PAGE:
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The K-12 Implosion (Encounter Broadside) Kindle Edition

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Length: 48 pages Enhanced Typesetting: Enabled

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70 of 73 people found the following review helpful By Matthew P. Cochrane on January 25, 2013
Format: Kindle Edition Verified Purchase
In The K-12 Implosion, Glenn Reynolds, a law professor at the University of Tennessee and best known as the blogosphere's Instapundit, begins by explaining the problem behind the public school system: We're spending more and more money for an out-of-date system that is producing worse and worse results.

"So at the K-12 level, we've got an educational system that in many fundamental ways hasn't changed in 100 years - except, of course, by becoming much less rigorous - but that nonetheless has become vastly more expensive without producing significantly better results."

Reynolds then explains that public schools were originally created for what are now woefully dated purposes:

"When our public education system was created in the 19th century, its goal, quite explicitly, was to produce obedient and orderly factory workers to fill the new jobs being created by the Industrial Revolution. Those jobs are mostly gone now, and the needs of the 21st century are not the needs of the 19th."

Later, Reynolds writes that churning out workers for 1925-style labor "won't work when the kids entering school today will be on the job market in 2025."

Of course, Reynolds offers a few statistics on how school spending has increased in various districts around the country while reading and math levels continue to drop.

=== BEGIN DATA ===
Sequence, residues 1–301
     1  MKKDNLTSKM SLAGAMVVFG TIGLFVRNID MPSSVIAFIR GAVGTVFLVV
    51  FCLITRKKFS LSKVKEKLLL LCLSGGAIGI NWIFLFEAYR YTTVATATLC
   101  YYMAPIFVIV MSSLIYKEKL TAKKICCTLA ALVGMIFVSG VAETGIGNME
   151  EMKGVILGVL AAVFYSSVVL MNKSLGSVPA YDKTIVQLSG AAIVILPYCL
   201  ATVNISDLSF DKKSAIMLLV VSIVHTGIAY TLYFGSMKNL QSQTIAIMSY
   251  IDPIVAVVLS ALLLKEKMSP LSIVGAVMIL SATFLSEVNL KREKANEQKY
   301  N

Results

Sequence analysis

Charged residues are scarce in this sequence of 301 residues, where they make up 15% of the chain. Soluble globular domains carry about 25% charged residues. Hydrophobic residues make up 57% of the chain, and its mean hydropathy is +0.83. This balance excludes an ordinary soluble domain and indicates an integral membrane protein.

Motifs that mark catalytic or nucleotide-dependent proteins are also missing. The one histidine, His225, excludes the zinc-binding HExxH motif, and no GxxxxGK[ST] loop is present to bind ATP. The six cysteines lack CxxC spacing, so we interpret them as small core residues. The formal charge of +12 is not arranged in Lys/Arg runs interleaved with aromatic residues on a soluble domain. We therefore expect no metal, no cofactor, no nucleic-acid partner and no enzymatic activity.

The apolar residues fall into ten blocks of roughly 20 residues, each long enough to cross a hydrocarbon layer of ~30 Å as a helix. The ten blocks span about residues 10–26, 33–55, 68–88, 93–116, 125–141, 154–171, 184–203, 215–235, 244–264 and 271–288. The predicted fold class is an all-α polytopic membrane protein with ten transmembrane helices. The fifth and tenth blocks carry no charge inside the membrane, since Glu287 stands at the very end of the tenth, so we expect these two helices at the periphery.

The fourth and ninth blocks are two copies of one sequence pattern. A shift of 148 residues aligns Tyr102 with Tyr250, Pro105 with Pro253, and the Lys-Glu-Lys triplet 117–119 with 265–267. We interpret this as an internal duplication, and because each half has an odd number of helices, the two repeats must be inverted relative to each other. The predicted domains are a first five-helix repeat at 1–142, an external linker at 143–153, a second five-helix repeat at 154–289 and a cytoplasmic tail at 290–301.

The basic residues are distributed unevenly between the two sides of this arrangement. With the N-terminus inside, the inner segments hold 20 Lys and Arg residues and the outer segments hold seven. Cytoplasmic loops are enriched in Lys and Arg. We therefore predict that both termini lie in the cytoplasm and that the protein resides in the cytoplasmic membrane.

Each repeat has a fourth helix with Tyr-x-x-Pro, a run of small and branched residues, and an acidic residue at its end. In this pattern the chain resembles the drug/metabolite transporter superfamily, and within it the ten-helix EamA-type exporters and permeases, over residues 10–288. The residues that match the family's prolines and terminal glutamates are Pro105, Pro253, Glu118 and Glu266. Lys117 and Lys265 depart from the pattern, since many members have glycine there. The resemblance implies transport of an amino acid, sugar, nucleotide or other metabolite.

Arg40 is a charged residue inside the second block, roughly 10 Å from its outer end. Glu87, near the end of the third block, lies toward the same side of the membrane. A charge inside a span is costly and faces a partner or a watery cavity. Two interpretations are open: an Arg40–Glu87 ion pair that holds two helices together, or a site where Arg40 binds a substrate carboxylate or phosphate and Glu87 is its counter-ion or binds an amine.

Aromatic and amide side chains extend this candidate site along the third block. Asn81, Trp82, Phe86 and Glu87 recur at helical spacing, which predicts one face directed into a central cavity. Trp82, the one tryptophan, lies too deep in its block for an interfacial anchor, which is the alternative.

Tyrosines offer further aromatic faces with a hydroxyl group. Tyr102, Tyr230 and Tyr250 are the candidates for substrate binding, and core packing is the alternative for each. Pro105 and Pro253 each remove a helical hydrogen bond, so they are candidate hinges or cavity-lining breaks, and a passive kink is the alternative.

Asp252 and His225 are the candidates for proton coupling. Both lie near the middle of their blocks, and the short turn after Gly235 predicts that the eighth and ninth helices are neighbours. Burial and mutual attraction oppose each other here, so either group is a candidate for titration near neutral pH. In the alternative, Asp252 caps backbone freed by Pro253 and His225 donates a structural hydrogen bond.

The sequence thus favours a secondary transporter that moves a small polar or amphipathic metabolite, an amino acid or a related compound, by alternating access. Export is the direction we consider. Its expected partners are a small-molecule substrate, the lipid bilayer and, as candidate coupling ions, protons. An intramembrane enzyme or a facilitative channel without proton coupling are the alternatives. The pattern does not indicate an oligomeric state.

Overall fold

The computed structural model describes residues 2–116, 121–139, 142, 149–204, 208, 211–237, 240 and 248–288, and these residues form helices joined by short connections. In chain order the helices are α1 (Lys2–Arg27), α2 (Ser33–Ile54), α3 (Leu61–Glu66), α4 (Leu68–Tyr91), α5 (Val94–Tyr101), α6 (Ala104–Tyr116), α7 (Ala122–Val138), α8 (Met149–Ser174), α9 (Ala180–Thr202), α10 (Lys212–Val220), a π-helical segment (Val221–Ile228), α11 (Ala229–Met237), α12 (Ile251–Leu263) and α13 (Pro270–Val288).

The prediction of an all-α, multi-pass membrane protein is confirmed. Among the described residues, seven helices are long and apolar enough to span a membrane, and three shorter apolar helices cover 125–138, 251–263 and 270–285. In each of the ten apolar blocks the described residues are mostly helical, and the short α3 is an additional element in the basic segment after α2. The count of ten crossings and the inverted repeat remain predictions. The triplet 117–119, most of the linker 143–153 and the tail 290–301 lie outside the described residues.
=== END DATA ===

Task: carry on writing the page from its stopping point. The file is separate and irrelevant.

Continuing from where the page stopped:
Why is this so? Reynolds offers a few reasons. First, while students and spending have increased, most of the new money is being funneled to "paper pushing", not teaching. Quoting from The School Staffing Surge study, Reynolds states that the K-12 student population increased 96% between 1950 and 2009.
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32 of 35 people found the following review helpful By M. Heiss on January 28, 2013
Format: Paperback Verified Purchase
Short and readable -- 30 to 60 minutes of reading to understand what is, at core, a coming revolution in education.

Think about it -- we customize everything from our wardrobe to our car to our phone to our landscape to our coffee, but we are supposed to accept a standardized education for our children? Please.

At the rate things are going, public school will soon become just another poverty program. (What shall we call it? Educaid? Educare? Edu-carceration?) The students with the chance/means to do so are escaping the public schools as quickly as they can. School districts are creating public charters and magnet schools in a foot-dragging manner, amidst great teacher-union outcry and moaning, to try to retain some of the more motivated students. This is probably too little, too late. Teachers attack even simple innovations, like Teach for America. How will they cope with a total overhaul of the mission?

How long can the blue model of public education continue?